PREREQUISITE: Second-year standing, or permission of the Department.


HIST 241/3.0


Issues in History: Medieval Europe: Castles, Kingdoms, and Religious Conflict

Students are expected to develop a good general knowledge of the medieval period in relation to the key themes being explored i.e., the development of feudal societies and the transformative role of religion in the period. The students will also explore the historiographical debates over concepts such as feudalism, tolerance, and crusade. The course will be taught through a combination of lectures and seminar classes.

PREREQUISITE: First Years with a B+ average across the board and A- in BISC 100. Places subject to departmental permission.

HIST 289/3.0


Britain since 1851 *NEW*

This chronological survey of British history looks to understand the relationships between Britain, its empire, and Europe. The course will explore broadly thematic elements within different eras of British history. Industrialization, liberal democracy, commerce, and imperial expansion will be examined in the late nineteenth century. The course then focuses on the World Wars, financial collapse, and internationalism in the early twentieth century. Finally, in the mid- and late-twentieth century, the course surveys national policies, cultural exports, decolonization, and the Cold War. Through these themes, the course examines the rise of fall of Britain as a great power.

PREREQUISITE: First Years with a B+ average across the board and A- in BISC 100. Places subject to departmental permission.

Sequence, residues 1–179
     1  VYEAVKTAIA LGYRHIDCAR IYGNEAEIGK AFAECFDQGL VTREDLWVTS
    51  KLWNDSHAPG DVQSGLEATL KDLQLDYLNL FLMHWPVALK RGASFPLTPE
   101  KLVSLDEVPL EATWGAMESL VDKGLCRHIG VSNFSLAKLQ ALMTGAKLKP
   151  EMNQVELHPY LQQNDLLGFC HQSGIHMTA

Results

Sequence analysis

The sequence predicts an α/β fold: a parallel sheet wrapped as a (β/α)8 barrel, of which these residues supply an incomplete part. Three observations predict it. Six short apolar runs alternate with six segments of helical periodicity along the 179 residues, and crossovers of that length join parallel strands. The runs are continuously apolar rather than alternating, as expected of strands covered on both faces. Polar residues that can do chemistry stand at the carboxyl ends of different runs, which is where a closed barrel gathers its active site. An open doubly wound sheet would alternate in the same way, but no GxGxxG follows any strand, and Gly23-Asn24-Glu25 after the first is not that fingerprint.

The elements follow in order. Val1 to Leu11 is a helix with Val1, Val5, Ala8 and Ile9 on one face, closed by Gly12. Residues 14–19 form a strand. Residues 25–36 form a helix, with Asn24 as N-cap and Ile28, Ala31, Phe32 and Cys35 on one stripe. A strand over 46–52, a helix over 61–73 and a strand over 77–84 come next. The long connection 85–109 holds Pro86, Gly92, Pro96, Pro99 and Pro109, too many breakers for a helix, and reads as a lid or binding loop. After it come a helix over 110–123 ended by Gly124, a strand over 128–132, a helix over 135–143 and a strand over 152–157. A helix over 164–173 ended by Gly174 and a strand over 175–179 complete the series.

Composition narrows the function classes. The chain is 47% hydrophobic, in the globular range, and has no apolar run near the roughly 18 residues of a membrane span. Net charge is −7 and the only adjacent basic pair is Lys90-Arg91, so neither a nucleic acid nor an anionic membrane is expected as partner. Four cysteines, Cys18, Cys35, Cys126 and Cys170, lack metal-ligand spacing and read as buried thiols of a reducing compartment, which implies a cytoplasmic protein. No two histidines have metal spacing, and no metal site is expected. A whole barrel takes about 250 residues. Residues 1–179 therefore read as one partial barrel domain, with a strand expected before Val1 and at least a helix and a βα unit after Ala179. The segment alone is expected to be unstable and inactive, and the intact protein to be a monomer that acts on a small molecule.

PHIL 151/3.0


Great Works of Philosophy

An examination of some major milestones in the development of philosophical thought. The course will involve both the exposition of texts and discussion of the philosophical issues which they raise.

PHIL 259/3.0


Critical Thinking

A discussion of the general principles of reasonable discourse, with a focus on persuasive and cogent writing.

EXCLUSION: No more than 3.0 units from PHIL 158/3.0; PHIL 259/3.0.

SPAN 111/3.0


Beginning Spanish

Offers a basic level of Spanish understanding, speaking, reading and writing for students who have no knowledge of Spanish whatsoever.

SPAN 112/3.0


Beginning Spanish

The continuation of SPAN 111. Also for students entering the University who have some knowledge of Spanish but have not completed 4U Spanish or equivalent. For these students an assessment exam or interview with an academic adviser is required before registration.

PREREQUISITE: SPAN P10 or equivalent.

EXCLUSIONS: 4U Spanish or equivalent, SPAN 101.

Social Science Offerings

Course Code Description

DEVS 100/6.0


Canada and the “Third World”

Introduces basic theoretical concepts of development studies, the history of global inequality, and short histories of alternative development strategies. Case studies of Canada’s ties to the so-called third world will include missionaries, military, business, and aid. Canadian colonialism over First Nations peoples will introduce basic issues in Aboriginal Studies.

ECON 111/3.0